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Hypertens Res. 2011 Jan;34(1):139-44. doi: 10.1038/hr.2010.173. Epub 2010 Oct 7.

Long-term exposure to elevated blood pressure and mortality from cardiovascular disease in a Japanese population: the Ibaraki Prefectural Health Study.

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Ibaraki Health Plaza, Ibaraki, Japan.


High blood pressure (BP) has been well established as a leading risk factor for both cardiovascular disease and mortality in general. However, the effect of long-term exposure to elevated BP on mortality risks in Asian populations remains unclear. The purpose of this study was to investigate the effects of time-averaged BP levels over 5 years on subsequent cardiovascular disease mortalities in a Japanese population. A total of 46,484 adults (14,771 men and 31,713 women) aged 40-79 years, who had no history of stroke or heart disease and who underwent health checkups in Ibaraki prefecture, Japan, in 1993 and 1998 were followed up through 2005. Hazard ratios (HRs) for mortality were estimated using a Cox proportional hazard model. Multivariate HRs (95% confidence interval) associated with a 10 mm Hg increase in systolic BP were measured in 1993 and 1998, and their averages were 1.11 (1.05-1.16), 1.13 (1.07-1.18) and 1.17 (1.10-1.27), respectively. Multivariate HRs for a 10 mm Hg increase in time-averaged systolic BP were 1.12 (1.03-1.21) in men and 1.24 (1.13-1.35) in women. The subgroup analysis of antihypertensive use showed that multivariate HRs for time-averaged systolic BP were 1.20 (1.11-1.29) in sustained non-users and 1.17 (1.04-1.32) in sustained users. Similar results were also obtained for diastolic BP. In conclusion, long-term exposure to elevated BP substantially associates with excess risk for cardiovascular disease mortality among Japanese subjects, irrespective of antihypertensive medication use. Thus, appropriate management of BP is important in both users and non-users of antihypertensive medication.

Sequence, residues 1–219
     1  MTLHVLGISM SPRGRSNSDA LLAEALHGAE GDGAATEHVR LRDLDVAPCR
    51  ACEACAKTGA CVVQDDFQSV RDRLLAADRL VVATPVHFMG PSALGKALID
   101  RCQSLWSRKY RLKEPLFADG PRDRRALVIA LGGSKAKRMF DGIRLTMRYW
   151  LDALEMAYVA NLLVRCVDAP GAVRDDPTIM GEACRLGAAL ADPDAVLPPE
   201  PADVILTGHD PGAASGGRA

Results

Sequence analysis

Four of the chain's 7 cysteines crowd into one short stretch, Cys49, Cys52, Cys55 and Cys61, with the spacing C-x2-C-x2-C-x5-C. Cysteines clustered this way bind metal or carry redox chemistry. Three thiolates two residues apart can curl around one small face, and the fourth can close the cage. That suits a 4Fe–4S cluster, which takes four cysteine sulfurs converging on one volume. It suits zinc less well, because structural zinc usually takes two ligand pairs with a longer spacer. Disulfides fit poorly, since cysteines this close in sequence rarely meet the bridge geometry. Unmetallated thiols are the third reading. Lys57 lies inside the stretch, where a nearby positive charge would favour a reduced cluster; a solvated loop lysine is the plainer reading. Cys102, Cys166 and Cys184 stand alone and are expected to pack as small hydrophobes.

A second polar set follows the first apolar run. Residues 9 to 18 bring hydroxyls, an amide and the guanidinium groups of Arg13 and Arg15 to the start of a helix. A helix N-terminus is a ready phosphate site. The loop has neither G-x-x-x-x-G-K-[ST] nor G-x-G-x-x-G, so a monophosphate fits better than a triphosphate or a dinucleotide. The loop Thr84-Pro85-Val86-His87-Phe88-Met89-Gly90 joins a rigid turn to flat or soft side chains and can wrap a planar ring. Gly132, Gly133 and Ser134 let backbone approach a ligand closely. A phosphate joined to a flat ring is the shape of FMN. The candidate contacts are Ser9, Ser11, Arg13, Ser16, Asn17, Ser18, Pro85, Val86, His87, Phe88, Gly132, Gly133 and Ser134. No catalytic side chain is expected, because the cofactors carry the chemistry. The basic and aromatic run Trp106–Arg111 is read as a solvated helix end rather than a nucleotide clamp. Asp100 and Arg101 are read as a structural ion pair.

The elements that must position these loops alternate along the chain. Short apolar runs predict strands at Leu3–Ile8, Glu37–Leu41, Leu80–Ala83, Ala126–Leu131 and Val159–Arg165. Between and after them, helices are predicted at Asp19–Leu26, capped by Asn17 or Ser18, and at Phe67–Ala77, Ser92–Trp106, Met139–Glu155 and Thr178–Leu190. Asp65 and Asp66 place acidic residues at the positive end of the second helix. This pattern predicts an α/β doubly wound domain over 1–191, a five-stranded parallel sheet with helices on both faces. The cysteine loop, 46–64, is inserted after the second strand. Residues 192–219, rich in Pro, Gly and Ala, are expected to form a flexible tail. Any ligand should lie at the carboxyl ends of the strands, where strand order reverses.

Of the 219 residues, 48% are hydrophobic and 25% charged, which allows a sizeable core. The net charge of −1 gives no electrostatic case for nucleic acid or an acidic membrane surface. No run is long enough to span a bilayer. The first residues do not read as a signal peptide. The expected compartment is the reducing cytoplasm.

[Indexed for MEDLINE]

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